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Accuracy and Uncertainty in Climate Models

Global climate models are used to predict what will happen to Earth’s climate in the future. Groups like the Intergovernmental Panel on Climate Change (the IPCC) compare the results from several different climate models as they figure out what is most likely to happen. But how do scientists know whether a model’s predictions are correct? How do they figure out whether the model is doing a good job at predicting the future of climate change?

To figure out whether a climate model is doing a good job, scientists give it a test. The model is run through a time period for which we have actual measurements of Earth’s climate, the past 100 years for example. The results from the model are compared with the actual measurements of real climate. If the model and the actual measurements are similar, then the math equations in the model that are used to describe how Earth works are probably quite accurate. If the model results are very different from our records of what actually happened, then the model needs some work.

Some uncertainty about our future climate is because there are processes and feedbacks between different parts of the Earth that are not fully understood. These are difficult to include in the models until we understand them better. Today, scientists are conducting research to learn more about how some of the less well-known processes and feedbacks work. For example, the effects of clouds on climate is known to be a large, however it is not fully understood and so scientists are researching clouds to ensure that climate models are as accurate as possible. Scientists work to ensure that natural processes are represented in climate models as accurately as possible, so that models can be used to make predictions of future climate that are as accurate as possible.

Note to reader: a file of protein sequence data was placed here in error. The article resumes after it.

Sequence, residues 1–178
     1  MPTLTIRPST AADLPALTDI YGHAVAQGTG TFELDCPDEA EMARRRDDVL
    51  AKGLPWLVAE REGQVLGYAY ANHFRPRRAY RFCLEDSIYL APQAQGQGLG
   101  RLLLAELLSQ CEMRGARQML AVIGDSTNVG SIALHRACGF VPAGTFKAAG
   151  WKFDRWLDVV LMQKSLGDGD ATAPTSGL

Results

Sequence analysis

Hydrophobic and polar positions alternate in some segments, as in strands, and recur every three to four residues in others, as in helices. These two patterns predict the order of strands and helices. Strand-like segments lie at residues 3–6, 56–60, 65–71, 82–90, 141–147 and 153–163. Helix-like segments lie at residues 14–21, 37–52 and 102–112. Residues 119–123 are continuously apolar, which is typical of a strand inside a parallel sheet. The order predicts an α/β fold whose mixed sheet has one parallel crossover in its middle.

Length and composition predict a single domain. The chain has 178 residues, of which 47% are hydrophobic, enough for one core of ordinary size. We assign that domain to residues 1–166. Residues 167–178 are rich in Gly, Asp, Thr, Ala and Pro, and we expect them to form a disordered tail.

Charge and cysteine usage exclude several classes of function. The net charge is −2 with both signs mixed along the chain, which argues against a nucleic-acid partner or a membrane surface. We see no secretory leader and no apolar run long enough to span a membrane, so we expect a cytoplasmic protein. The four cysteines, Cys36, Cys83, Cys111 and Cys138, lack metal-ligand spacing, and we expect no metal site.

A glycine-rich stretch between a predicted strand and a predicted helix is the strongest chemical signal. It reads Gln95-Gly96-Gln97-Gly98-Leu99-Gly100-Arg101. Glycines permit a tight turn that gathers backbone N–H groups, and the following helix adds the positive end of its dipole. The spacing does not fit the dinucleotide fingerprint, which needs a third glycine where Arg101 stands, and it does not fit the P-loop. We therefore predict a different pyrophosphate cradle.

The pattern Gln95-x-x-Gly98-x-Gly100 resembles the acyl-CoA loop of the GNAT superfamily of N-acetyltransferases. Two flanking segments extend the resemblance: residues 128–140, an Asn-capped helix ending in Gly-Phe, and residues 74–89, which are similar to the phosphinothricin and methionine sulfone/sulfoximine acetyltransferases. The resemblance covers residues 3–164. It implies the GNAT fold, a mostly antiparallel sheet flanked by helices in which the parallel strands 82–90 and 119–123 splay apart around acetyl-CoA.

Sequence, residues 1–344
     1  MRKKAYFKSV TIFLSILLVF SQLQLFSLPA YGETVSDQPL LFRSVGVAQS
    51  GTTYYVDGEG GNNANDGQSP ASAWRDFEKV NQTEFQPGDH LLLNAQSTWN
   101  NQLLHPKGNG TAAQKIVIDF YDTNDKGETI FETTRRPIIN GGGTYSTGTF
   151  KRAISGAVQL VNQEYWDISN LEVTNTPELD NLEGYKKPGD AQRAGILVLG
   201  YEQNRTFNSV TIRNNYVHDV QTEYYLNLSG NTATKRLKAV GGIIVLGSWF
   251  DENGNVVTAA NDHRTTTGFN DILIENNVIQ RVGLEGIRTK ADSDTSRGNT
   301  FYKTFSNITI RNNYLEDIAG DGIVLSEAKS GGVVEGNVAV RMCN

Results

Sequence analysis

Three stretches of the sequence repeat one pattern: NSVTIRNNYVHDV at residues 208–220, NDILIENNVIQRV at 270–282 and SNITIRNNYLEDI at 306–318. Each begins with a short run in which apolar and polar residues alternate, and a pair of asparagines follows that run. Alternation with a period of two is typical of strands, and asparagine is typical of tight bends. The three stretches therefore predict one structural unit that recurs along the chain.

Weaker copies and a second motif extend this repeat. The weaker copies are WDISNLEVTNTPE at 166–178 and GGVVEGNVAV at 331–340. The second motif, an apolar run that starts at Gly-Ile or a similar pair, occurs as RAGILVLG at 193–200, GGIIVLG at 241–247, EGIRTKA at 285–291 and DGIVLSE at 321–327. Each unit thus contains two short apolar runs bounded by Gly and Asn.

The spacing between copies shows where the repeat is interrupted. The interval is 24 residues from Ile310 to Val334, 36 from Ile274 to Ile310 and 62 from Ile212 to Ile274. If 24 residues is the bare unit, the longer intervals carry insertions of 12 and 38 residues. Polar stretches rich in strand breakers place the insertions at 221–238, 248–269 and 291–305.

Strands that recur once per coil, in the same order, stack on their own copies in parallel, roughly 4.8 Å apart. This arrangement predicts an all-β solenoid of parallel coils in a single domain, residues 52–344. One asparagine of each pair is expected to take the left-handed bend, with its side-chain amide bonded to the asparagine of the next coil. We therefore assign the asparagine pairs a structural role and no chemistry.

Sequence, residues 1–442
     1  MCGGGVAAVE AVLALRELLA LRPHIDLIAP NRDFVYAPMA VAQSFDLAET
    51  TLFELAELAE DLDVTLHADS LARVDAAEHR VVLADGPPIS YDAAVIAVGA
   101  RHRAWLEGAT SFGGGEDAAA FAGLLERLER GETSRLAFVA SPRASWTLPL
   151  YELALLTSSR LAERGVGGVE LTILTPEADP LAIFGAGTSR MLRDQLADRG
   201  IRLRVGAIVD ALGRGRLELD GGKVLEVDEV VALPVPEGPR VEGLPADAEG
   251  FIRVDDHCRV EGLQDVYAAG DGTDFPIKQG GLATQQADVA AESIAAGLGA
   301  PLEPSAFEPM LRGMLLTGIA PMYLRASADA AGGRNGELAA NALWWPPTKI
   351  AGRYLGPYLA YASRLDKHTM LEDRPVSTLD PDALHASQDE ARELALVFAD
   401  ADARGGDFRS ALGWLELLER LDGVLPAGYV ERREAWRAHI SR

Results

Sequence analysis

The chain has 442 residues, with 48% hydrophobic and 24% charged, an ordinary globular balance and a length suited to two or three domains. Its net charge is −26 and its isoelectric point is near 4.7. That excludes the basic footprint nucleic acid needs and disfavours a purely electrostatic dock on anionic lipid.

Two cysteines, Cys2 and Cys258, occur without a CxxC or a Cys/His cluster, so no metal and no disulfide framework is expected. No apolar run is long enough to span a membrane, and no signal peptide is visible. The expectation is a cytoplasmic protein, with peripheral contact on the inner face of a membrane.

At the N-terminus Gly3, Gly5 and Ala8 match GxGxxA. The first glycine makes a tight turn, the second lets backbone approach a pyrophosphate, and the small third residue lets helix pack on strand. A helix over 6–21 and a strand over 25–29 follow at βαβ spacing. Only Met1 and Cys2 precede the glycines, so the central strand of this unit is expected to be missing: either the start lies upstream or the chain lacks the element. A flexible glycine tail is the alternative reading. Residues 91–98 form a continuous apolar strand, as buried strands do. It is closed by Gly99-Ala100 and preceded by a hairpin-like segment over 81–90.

Most of the uncertainty in these predictions of future climate is not related to natural processes. Instead, it is uncertain how much pollution humans will be adding to the atmosphere in the future. Innovations that stop or limit the amount of greenhouses gases that are produced, laws and rules that change the amount of pollutants that are released, and how the growing human population lives in the future are all somewhat unknown. To deal with this, climate models are often run several times, each time with different amounts of pollution and development by humans.

According to the IPCC, most climate scientists agree that while climate models are not perfect, they are currently pretty good and better models would not change the conclusion that Earth’s average temperature is warming.

Last modified February 1, 2010 by Lisa Gardiner.

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